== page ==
In Reality Shows, a camera which is set up in an isolated location (a small room or, in outdoor environs, a secluded area), where the show's participants appear individually to speak candidly about tactics, motivations, the other players, etc. A common feature of the Reality TV Show Mansion. In many cases, Confession Cam interviews are produced in such a way that they can be spliced into the regular footage at any point with Manipulative Editing, and may be used several episodes away from when they actually took place. A few very smart competitors (most of them female) have circumvented that by noticeably changing their hairstyles or make-up every day, very effectively limiting how much the footage can be misplaced.
The modern concept, similar in execution to documentary interviews, hearkens back to the granddaddy of television court shows, The People's Court, wherein litigants would pause in the hallway after each case for a brief interview with the court reporter. Later, Judge Judy created the precedent (along with many many others) of eliminating the court reporter and having the litigants rant directly to the camera. And the Confession Cam was born.
Trope name comes from an episode of The Simpsons which parodied Reality TV; in this episode, the house which served as location for the reality Show Within a Show featured a closet equipped with a camera, dubbed the "Confessional" (which Marge interpreted quite literally).
Speaking to the Confession Cam can be quite hazardous to the speaker's personal reputation — it's important to not only watch what you're saying, but also how you say it, so that it's harder to twist around via clever editing. The above-mentioned hair-change trick is one method; another is to pay careful attention to what you're saying and deliberately 'bust the take' so that you can mentally compose a better response.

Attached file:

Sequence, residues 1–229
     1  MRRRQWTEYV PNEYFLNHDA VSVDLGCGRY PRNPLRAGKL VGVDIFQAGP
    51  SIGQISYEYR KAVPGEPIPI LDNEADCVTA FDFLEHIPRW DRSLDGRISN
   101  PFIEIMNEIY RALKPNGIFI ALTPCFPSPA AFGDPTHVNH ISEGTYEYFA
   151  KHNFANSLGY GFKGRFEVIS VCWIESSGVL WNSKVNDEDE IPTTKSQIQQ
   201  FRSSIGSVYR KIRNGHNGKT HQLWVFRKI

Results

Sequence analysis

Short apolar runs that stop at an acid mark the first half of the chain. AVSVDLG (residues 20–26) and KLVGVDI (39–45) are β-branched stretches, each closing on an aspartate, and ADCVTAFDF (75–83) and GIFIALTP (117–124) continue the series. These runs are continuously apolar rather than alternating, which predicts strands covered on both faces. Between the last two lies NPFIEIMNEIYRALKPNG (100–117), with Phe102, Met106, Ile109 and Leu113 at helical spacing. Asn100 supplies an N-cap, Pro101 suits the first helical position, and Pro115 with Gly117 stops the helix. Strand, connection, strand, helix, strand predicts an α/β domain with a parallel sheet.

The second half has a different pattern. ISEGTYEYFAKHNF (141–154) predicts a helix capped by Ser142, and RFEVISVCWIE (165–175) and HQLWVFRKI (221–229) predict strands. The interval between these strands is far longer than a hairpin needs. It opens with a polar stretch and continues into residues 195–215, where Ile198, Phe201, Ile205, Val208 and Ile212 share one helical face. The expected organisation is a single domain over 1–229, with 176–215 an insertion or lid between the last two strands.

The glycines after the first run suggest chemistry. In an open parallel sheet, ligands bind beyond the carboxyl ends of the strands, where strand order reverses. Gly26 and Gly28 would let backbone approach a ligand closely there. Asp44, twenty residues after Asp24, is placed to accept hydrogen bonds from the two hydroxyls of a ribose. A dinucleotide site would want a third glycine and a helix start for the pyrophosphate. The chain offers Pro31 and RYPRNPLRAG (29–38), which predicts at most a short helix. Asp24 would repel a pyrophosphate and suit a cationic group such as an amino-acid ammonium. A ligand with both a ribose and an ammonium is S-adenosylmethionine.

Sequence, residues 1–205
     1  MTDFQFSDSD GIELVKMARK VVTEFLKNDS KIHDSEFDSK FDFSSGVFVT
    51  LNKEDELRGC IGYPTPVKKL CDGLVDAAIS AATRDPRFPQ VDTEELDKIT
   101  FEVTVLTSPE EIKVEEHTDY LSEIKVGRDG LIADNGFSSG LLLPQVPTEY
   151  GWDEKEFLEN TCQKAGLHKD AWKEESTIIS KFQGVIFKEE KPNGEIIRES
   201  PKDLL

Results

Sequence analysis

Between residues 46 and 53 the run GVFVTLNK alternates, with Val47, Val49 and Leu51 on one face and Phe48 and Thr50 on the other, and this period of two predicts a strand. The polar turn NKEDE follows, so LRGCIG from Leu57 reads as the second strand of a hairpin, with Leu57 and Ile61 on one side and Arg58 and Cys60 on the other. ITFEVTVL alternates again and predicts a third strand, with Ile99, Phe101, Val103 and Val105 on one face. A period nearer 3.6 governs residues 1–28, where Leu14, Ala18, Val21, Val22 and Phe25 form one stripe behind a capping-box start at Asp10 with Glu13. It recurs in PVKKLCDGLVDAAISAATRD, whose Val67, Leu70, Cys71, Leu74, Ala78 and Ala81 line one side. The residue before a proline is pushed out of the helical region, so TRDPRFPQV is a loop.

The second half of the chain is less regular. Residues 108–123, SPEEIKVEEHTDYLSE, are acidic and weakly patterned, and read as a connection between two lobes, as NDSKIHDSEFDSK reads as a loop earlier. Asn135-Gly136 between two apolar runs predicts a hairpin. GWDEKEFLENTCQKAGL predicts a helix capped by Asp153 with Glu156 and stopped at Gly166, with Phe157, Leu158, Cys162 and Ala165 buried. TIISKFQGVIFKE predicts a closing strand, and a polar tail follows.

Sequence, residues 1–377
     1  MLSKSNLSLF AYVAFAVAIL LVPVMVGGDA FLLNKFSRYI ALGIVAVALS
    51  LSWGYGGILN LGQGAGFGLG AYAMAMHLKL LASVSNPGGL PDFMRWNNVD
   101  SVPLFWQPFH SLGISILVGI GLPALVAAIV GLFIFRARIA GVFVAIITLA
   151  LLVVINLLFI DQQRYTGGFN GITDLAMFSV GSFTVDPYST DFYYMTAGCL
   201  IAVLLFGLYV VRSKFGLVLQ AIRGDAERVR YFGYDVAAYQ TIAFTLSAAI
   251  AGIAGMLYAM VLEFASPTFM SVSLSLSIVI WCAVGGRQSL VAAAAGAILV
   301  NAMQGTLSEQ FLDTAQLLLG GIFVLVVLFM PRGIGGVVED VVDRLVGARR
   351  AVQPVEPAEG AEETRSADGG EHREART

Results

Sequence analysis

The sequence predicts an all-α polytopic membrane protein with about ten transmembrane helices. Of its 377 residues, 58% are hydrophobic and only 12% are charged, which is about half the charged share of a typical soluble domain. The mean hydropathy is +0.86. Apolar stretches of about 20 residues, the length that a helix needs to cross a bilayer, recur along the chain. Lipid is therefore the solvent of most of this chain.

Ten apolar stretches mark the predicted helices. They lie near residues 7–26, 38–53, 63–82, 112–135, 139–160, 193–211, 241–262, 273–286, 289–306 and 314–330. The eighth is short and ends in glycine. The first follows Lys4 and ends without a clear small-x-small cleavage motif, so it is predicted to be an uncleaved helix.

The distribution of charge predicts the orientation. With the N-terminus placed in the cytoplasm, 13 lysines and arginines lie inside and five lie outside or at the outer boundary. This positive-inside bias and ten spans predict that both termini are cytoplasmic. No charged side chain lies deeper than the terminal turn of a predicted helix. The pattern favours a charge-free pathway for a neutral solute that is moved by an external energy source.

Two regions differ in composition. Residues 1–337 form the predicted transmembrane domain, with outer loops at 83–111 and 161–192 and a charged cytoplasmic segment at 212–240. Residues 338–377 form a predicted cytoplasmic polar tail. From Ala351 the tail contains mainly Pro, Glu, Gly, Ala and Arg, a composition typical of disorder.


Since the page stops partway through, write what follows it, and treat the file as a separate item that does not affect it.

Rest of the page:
- The 1900 House documentary had one of these in each bedroom hidden in a corner cupboard. The family would confess when they did something not of the period (such as the women buying modern shampoo), or just to air their frustrations as a sort of personal diary.
- The Apprentice puts a Confession Cam with the eliminated contestant in the taxi ride to the airport, along with more standard invocations of the trope.
- The diary room in Big Brother would be the second most common form.
- Doctor Phil: Dr. Phil typically embeds a camera crew with his guests a couple of weeks/days before they appear on his show; the preparatory footage thus collected always includes several Confession Cams.
- Ditto Maury Povich.
- On Endurance, there is usually a small room provided where contestants can express their thoughts and comments on challenges and relationships that are occurring throughout the series.
- On Ghost Hunters, TAPS members frequently use the Confession Cam to explain the terminology used in their investigations. More often than note, though, they merely describe to the audience what we just witnessed actually being filmed. It can get tiresome.
- Thankfully, they've mostly stopped explaining how EVP works, which they used to do twice every episode.
- Judge Joe Brown shows them ranting before the show; after each case, they are shown leaving while the court report describes what just transpired.
- Most television court shows such as Judge Judy (see exceptions below).
- Junkyard Wars mostly relies on the cameras that are with the teams, but each team does have a video camera available to them in a remote corner of their workshops where team members can self-record brief confessionals.
- Jury Duty features the namesake jury ranting instead of the litigants.
- The People's Court still features interviews by the court reporter.
- Scrapheap Challenge has one of these; it's rarely seen because contestants are too busy building things, but when a fight takes place or there is a lot of tension, expect a little elaboration from somebody on the team.
- The documentary-style Confession Cam employed by Survivor is probably the quintessential incarnation.
- Top Chef uses this throughout the episode. Normally, the cheftestants talk about a dish they're preparing or explaining the challenge to the viewer.
- In a similar vein, The Weakest Link features contestants ranting after they've been eliminated.
- The Amazing Race does a variant, as teammates almost always do them together.
- Golf Channel's Big Break has one. It almost always telegraphs the confessor's next shot: If they're boasting about their skills, it'll be a terrible shot; if they're admitting they're scared, it'll be a great shot. It doesn't matter whether it's a drive or a 4-foot putt.